Thought for the day:
“We should not write so that it is possible for the reader to understand us, but so that it is impossible for him to misunderstand us.”
~Quintilian (Marcus Fabius Quintilianus), rhetorician (c. 35-100)~A gift for my writer friends:
Here are some links I think you will find valuable – three great ones this week:
For a really good list of publishers who work with children’s books, click HERE.
Click HERE for a site that is just plain fun for writers of children’s books.
Christie Wright Wild’s is running a series of posts on writing picture books at wonderful blog, Write Wild. There is much to love and learn from on her blog. Click HERE to check it out.
First, let me apologize up front for the problems I am having on my blog with spacing, type sizes, bolding, etc. I have no idea what is going on, but this week things simply look a little wonky. Please just read the words and ignore the nonsense. I'm working on it!
I recently won a ten-page critique over on Carol Baldwin’s blog. You can visit her blog by clicking HERE, and I promise you it will be worth your time. Anyway, the critique came from Rebecca Petruck who holds an MFA in Creative Writing from the University of North Carolina, Wilmington and has her first novel, A Weird Kind of Normal, coming out in 2014 from Abrams/Amulet. Today I received her notes on the first chapter of my first novel, a book I believe in, but have been struggling with, for years. Her comments were spot on and so insightful that reading her notes was, for me, like that metaphorical shot of whiskey Clint Eastwood drinks in an old western that clears his mind and gives him the stamina to face Lee van Cleef. The good news is, Rebecca is a writing gun for hire who can help you face your writing fears. Check out her services by clicking HERE.
For my wonderful giveaway, the winner is Kristin Lenz! (Let’s hear a 21-gun salute!) She is also a writer. Kristin, Kathryn Fitzmaurice will be sending you a signed harcover copy of Destiny, Rewritten soon. Thanks for reading my blog. Enjoy! There will be another giveaway, so stay tuned and please leave comments to have a chance in the drawing.
I have been receiving requests lately to do book reviews for middle-grade books – some from authors, some from publicists, and even one from a publisher. It’s very flattering and it makes me realize that I’m actually building a pretty good readership. I feel good about that! Now, if I could just get into triple digits with my followers… In any case, this is a lead in for the book I will review and give away today.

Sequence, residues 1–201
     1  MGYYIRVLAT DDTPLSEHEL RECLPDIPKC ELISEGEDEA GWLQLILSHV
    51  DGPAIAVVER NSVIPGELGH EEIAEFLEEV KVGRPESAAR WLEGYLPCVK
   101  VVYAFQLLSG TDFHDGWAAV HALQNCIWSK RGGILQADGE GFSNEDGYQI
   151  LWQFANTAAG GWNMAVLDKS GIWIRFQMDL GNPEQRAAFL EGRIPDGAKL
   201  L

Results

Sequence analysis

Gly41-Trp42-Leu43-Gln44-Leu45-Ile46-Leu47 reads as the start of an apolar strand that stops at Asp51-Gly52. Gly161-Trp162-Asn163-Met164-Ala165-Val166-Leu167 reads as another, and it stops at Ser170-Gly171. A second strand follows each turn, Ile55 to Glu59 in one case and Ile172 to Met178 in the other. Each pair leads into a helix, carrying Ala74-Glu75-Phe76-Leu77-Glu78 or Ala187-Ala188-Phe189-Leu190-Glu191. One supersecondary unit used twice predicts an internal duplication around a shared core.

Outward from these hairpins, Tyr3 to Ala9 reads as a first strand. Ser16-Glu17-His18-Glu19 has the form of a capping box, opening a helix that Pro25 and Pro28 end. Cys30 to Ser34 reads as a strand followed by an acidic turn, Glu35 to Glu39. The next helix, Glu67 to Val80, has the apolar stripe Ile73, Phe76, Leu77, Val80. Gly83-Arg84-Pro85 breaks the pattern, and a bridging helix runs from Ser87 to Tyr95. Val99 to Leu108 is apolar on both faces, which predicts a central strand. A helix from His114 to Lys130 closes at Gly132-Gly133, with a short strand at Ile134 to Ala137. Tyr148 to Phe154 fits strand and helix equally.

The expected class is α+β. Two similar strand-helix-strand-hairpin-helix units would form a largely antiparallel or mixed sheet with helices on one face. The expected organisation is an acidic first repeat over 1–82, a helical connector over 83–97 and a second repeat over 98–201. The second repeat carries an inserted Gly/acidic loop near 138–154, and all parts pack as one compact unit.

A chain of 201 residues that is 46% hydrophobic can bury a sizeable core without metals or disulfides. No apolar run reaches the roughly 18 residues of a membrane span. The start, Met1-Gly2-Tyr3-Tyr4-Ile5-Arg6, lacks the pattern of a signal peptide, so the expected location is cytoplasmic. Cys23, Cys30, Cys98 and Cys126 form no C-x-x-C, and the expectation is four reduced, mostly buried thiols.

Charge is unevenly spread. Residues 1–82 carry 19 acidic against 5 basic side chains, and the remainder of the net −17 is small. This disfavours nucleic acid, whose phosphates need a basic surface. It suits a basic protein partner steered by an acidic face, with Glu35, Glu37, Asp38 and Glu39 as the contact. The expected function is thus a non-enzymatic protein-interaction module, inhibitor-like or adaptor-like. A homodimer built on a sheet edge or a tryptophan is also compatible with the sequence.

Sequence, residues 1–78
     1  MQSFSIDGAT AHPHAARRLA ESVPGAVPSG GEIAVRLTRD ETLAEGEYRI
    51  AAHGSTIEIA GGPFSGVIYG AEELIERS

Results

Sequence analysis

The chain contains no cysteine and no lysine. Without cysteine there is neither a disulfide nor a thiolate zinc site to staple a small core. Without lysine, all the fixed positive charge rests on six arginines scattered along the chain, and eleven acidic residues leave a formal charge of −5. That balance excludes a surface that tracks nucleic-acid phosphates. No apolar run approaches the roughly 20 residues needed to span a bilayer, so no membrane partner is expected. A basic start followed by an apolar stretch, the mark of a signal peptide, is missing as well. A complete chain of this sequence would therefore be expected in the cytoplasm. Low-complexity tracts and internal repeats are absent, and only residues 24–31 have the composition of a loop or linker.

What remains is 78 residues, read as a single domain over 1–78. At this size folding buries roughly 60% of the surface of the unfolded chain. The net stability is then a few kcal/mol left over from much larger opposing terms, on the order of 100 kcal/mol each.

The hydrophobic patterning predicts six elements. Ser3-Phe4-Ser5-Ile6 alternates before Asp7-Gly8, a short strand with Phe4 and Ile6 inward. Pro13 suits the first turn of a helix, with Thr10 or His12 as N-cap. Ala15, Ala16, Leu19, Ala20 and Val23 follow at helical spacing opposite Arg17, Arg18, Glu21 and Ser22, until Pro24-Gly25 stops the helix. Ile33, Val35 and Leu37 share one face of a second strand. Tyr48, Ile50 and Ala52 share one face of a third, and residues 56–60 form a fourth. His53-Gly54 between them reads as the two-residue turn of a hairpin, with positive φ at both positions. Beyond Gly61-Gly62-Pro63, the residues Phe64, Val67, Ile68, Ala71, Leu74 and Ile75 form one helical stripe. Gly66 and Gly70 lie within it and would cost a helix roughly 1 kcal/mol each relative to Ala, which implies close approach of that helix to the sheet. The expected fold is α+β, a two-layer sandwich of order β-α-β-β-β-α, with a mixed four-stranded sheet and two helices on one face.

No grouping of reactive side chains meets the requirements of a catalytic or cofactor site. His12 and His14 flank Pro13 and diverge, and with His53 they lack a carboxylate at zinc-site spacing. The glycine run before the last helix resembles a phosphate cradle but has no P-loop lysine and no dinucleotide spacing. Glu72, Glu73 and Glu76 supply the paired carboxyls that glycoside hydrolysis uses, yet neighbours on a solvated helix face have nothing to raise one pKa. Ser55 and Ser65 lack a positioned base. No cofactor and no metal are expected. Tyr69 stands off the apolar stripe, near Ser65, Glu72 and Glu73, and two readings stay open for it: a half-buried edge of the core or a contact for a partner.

A couple months ago I received a nice letter from a publicist asking me if I would be interested in reviewing Bitopia by Ari Magnusson. She told me it was a middle-grade book about bullying, and I told her to send it along. My grandkids have both been bullied and this is a very real problem for me. If we can find ways to mitigate the problem with engaging books for kids in middle school, I think it’s great, and I will do what I can to get the word out.
Young Stewart is trying to get home from school, which seems like a simple task, but there is a gang of three boys who harass Stewart and make his life miserable at every turn. This day, the boys surround him and really go after him. He escapes into a sewer pipe in a construction zone and, when the bullies start heaving garbage and rocks at him, he runs into the maze of pipes. Lost, he finds what he thinks is a way out only to find himself in a strange place that clearly is not his home town. When he turns back, the way he came out has disappeared.
Stewart finds a girl his age, Cora, gathering strange fruit. She refers to Stewart as a newcomer and says she will take to Bitopia, but they have to be careful of the Venators, frightening creatures that hunt children, picking at them, injuring them, harassing them. When they arrive in Bitopia after being chased by the Venators, Stewart finds himself in a walled city, sealed off from the outside world, and populated completely by human children. All the children arrived in this strange land after suffering terrible bullying. None ages while there. There are stringent rules and everyone has jobs to do, some riskier than others. Stewart discovers there is a book called the Comlat that was written by children from long ago that may hold the secret for all the children to overcome the Venators and return to their homes, but the book is kept locked away and only the Princeps, leader of the city, can see it.